A professional services business is only as good as the work it does for clients. Whether they’re short-term projects or retainer-based services that last for years, client projects are the heart of a professional business -- the focus of its people, the source of its revenue and where profitability lives or dies. If projects fail, a business can lose clients and revenue or even worse, kill the business.
Project management problems become increasingly deadly as a professional services business grows. While securing bigger and better projects and expanding the business feels great, growth also puts the business more at risk if not managed carefully. As professional service businesses continue to see record employment growth, now is the perfect time to focus on three common project management mistakes professional services businesses make and how to avoid them.
1. Client communication failures
One of the most common mistakes a growing professional services firm makes is failing to effectively communicate with clients. According to a recent study my company conducted, client communication is the most important factor influencing the success of a project. But this is often easier said than done.
Ninety percent of survey respondents selected email as one of their top three methods of communication during projects, but email is built for private communications between a few individuals, whereas delivering successful projects is a team endeavor. For most professionals today, relying on email means entire chains of communication are put in silos between teammates, withholding valuable information in their inboxes that’s inaccessible to both colleagues and clients.
With growing teams and bigger projects, it’s impossible to keep track of every small detail using traditional manual approaches, such as copying and pasting or multiple all-hands meetings. While new collaboration tools are trying -- unsuccessfully -- to replace email entirely, the real solution is to use project management software that integrates with email automatically, tracking conversations and treating the content of their messages as assets to share across the team.
2. Inaccurate budget tracking
Even when firms attempt to properly track time, managers are often in the dark around budgets and time spent by team members when it matters most: while the project is running. Our study found that only about 30 percent of professionals use a timesheet connected to their project management software. The vast majority, about 69 percent, track time spent on projects manually or not at all, leaving them uninformed and risking financially catastrophic project failure.
Even the best-case scenario where an employee diligently tracks their time in a separate timesheet application is still a nightmare for project managers. More than two-thirds of them manually pull reports from timesheet software and apply it to project budgets, meaning delays of a week to a month between work being done and project managers seeing the budget impact.
Often, by the time a project manager can compare estimated budget to time spent on a project, the project is over, their team has already moved to the next job and any losses have to be absorbed. This is obviously a problem on a per-project basis, but it has potential to do greater damage to the firm as a whole in the long run. When budgets and projects remain separate, it’s impossible to determine whether projects are profitable and adjust the sales approach for the next contract.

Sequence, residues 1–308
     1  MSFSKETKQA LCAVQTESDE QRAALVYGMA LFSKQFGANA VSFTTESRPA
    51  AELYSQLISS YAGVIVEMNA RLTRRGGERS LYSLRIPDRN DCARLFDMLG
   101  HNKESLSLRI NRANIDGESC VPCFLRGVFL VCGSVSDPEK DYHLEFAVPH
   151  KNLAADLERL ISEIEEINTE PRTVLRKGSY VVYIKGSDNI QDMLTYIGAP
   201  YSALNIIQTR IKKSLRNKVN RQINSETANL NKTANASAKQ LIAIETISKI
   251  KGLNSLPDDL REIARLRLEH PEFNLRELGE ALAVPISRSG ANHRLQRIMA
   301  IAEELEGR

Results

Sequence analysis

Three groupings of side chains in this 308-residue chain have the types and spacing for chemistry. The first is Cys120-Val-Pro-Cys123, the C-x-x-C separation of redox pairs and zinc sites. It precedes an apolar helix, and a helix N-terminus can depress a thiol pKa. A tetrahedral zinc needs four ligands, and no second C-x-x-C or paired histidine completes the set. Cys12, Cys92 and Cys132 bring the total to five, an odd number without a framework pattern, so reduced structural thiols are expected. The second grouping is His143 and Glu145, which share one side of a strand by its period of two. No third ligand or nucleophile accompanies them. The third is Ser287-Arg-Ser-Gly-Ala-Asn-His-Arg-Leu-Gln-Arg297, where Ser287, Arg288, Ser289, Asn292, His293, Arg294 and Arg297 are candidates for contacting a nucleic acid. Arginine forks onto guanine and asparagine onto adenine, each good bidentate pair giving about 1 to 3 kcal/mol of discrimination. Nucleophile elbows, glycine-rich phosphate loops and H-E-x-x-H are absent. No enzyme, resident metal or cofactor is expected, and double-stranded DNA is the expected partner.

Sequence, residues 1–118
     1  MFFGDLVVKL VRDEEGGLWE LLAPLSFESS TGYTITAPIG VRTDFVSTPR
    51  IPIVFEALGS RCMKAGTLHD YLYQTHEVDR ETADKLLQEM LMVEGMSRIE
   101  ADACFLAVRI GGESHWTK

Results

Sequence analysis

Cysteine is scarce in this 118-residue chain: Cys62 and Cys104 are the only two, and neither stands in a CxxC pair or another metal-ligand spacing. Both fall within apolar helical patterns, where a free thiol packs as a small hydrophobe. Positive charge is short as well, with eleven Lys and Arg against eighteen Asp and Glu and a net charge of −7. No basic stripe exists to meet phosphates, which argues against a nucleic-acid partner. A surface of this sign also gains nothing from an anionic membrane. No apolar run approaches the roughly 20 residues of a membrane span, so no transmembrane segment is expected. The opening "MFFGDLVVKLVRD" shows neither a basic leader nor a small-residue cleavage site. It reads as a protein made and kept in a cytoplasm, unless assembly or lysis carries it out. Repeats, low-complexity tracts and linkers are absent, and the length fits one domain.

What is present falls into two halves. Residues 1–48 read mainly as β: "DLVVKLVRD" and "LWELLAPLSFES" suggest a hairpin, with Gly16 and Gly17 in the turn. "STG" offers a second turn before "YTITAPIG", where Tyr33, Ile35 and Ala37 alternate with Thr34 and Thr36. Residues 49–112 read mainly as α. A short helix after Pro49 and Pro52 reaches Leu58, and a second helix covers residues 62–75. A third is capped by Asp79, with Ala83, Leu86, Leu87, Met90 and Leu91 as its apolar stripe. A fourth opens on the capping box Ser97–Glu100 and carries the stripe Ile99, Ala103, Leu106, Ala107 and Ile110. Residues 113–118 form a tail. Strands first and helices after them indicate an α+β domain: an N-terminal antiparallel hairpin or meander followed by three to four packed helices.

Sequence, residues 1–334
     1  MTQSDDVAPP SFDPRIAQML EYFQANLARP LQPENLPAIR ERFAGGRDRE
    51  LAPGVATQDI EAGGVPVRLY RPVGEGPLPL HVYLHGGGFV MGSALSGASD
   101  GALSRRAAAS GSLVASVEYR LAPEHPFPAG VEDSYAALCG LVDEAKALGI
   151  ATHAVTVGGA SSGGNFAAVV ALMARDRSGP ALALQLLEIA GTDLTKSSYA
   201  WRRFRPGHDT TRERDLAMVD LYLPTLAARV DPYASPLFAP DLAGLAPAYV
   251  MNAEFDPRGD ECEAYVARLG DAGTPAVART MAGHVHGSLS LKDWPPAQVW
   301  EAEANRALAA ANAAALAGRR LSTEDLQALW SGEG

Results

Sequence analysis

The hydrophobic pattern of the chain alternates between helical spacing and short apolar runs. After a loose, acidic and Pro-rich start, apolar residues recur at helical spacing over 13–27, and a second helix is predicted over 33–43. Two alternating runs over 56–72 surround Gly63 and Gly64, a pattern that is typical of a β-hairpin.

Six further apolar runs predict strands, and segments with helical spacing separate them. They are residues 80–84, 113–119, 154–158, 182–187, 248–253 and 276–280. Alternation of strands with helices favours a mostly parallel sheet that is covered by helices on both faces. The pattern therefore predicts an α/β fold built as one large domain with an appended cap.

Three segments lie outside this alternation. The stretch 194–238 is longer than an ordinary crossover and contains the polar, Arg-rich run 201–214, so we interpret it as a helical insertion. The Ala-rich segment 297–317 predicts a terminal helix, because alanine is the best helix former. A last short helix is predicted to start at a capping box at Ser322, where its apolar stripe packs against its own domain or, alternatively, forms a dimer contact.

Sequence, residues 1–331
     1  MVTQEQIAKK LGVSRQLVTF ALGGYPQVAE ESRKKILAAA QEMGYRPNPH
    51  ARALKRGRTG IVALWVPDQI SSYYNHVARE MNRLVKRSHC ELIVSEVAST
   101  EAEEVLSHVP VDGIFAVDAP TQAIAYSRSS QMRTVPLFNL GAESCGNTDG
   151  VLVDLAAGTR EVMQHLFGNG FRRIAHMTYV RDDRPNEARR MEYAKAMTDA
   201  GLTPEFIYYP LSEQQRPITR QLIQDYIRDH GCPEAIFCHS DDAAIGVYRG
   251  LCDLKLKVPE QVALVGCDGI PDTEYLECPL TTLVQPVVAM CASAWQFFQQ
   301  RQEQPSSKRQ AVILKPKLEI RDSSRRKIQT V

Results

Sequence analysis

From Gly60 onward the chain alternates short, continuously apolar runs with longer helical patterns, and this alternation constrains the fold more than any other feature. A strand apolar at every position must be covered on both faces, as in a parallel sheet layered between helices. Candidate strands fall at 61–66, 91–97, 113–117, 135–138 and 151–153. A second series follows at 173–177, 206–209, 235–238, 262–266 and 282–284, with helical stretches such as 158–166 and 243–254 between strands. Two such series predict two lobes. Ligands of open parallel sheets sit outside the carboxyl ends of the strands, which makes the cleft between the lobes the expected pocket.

Related: The 5 Biggest Reasons Projects Fail
As firms grow and take on more clients, an inaccurate picture of the company’s employee time and resources available can be catastrophic. Since payroll is the largest expense for professional service firms, they can’t afford to lose track of any employee time -- it would amount to driving their business blind.
If firms continue to take on new clients with no clear understanding of how much time they truly have available, employees will end up overworked and projects will go well beyond deadlines and budgets. When projects go beyond scope due to untracked time, businesses essentially do extra work for free.
3. Assuming projects are too short for management
Unlike more expensive and time-consuming projects in other sectors (such as construction), projects in professional services are relatively short. Our recent study found that the most common projects at professional service firms ran between one and three months, with 60 percent of projects completed in under three months and only 20 percent running for more than six months.
One of the most common misconceptions, however, is that these shorter lived projects aren't big enough to do real damage if they fail. An average of 27 percent of service-based projects go over budget, and the average profit margin of professional firms is around 15 percent -- about the same amount of revenue as a firm earns in the most common length projects. Clearly, even though most projects for professional service firms are shorter than in other sectors, one failed project can be enough to wipe out profitability for a business for the entire year.
Professional services businesses are only profitable if they can effectively manage projects and keep clients happy. Unhappy clients lead to loss of business and poor project organization leads to loss of profits. Without clients or profits, a professional services business cannot succeed. These matters are made even worse as businesses grow out of old processes. All growing businesses should re-evaluate their project management capabilities and consider new technology to ensure long-term success.